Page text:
The authors explain that they only use the one-and-a-half approach where there is malposition of the ventricular mass (dextro- or meso-cardia) because this is felt to make full atrial inversion technically difficult. The Fuwai group still prefer full biventricular repair in patients with normal heart position [refer to the first figure in (2)], implying that the benefits of avoiding one-and-a-half are very much part of their decision making. Several large series of anatomical repair of ccTGA have been proponents of the complete Senning in all positional variants of the heart without baffle obstructions being a concern and with cross-clamp and bypass times very similar to those recorded in this series. Modifications such as the Schumacher technique or patch augmentation of the outer layer of the Senning have been successful in avoiding baffle complications in abnormal heart positions (5,6).

There is no doubt that the one-and-a-half approach is a reasonable option in these complex patients in terms of excellent early results, and is particularly attractive as a means to delay Rastelli until an older age and also where there is concern over the size of the right ventricle. However, in all other settings, there is good evidence to strive for full biventricular repair whenever possible as the technical issue of the Senning can usually be overcome with experience and surgical modifications, even in abnormal heart positions. In the setting of two well developed ventricles, a complete biventricular circulation is likely to yield the best functional long-term results and so two would seem better than a one-and-a-half so long as it can technically be achieved. Nevertheless, the fact that the indication for bidirectional Glenn may be different in these patients compared to the traditional ‘borderline RV’ patients could mean that their functional performance will be better than predicted. Long term follow-up of the one-and-a-half repairs will tell us whether or not these suppositions are true and functional assessment with exercise testing will be invaluable in determining the best durable outcome for this challenging condition.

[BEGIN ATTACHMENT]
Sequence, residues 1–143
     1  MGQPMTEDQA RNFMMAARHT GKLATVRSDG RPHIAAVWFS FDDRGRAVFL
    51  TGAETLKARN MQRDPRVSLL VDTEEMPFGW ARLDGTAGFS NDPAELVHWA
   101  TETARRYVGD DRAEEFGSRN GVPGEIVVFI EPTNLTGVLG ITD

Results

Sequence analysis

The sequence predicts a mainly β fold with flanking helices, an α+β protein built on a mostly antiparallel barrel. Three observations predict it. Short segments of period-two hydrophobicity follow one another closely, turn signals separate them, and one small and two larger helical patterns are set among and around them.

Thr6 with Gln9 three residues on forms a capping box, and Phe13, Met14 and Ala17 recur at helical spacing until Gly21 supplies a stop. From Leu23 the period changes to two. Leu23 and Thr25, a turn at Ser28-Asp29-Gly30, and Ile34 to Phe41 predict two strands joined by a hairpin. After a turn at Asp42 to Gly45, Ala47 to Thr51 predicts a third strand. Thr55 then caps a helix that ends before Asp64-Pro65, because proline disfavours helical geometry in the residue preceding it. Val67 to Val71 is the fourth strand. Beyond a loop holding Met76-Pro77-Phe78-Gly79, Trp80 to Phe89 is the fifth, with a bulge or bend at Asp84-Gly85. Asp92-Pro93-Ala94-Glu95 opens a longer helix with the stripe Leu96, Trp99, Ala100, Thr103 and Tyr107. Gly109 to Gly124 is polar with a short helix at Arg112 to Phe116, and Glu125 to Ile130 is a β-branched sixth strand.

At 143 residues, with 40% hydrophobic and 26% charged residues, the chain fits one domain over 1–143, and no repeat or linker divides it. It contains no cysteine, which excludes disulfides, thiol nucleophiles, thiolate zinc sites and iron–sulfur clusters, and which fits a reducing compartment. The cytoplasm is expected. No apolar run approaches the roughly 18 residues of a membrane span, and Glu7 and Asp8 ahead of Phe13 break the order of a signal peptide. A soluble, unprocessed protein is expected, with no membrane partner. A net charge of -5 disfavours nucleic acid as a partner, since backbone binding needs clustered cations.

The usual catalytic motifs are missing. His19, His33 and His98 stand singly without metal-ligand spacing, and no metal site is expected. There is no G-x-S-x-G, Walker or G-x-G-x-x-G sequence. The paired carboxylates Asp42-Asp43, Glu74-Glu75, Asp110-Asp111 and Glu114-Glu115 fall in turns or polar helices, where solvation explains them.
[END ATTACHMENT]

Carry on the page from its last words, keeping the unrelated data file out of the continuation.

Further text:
Congratulations to the group from Fuwai for such outstanding results and for adding to the evidence that encourages us to continue to search for the most suitable surgical techniques.


Acknowledgements

None.


Footnote

Conflicts of Interest: The author has no conflicts of interest to declare.


References

  1. Billingsley AM, Laks H, Boyce SW, et al. Definitive repair in patients with pulmonary atresia and intact ventricular septum. J Thorac Cardiovasc Surg 1989;97:746-54. [PubMed]
  2. Zhang S, Ma K, Li S, et al. The hemi-Mustard, bidirectional Glenn and Rastelli procedures for anatomical repair of congenitally corrected transposition of the great arteries/left ventricular outflow tract obstruction with positional heart anomalies. Eur J Cardiothorac Surg 2017;51:1058-62. [Crossref] [PubMed]
  3. Malhotra SP, Reddy VM, Qiu M, et al. The hemi-Mustard/bidirectional Glenn atrial switch procedure in the double-switch operation for congenitally corrected transposition of the great arteries: rationale and midterm results. J Thorac Cardiovasc Surg 2011;141:162-70. [Crossref] [PubMed]
  4. Numata S, Uemura H, Yagihara T, et al. Long-term functional results of the one and one half ventricular repair for the spectrum of patients with pulmonary atresia/stenosis with intact ventricular septum. Eur J Cardiothorac Surg 2003;24:516-20. [Crossref] [PubMed]
  5. Murtuza B, Barron DJ, Stumper O, et al. Anatomic repair for congenitally corrected transposition of the great arteries: a single-institution 19-year experience. J Thorac Cardiovasc Surg 2011;142:1348-57.e1. [Crossref] [PubMed]
  6. Hraska V, Vergnat M, Zartner P, et al. Promising Outcome of Anatomic Correction of Corrected Transposition of the Great Arteries. Ann Thorac Surg 2017;104:650-6. [Crossref] [PubMed]
Cite this article as: Barron DJ. Is one-and-a-half better than two? Transl Pediatr 2018;7(1):9-10. doi: 10.21037/tp.2017.08.04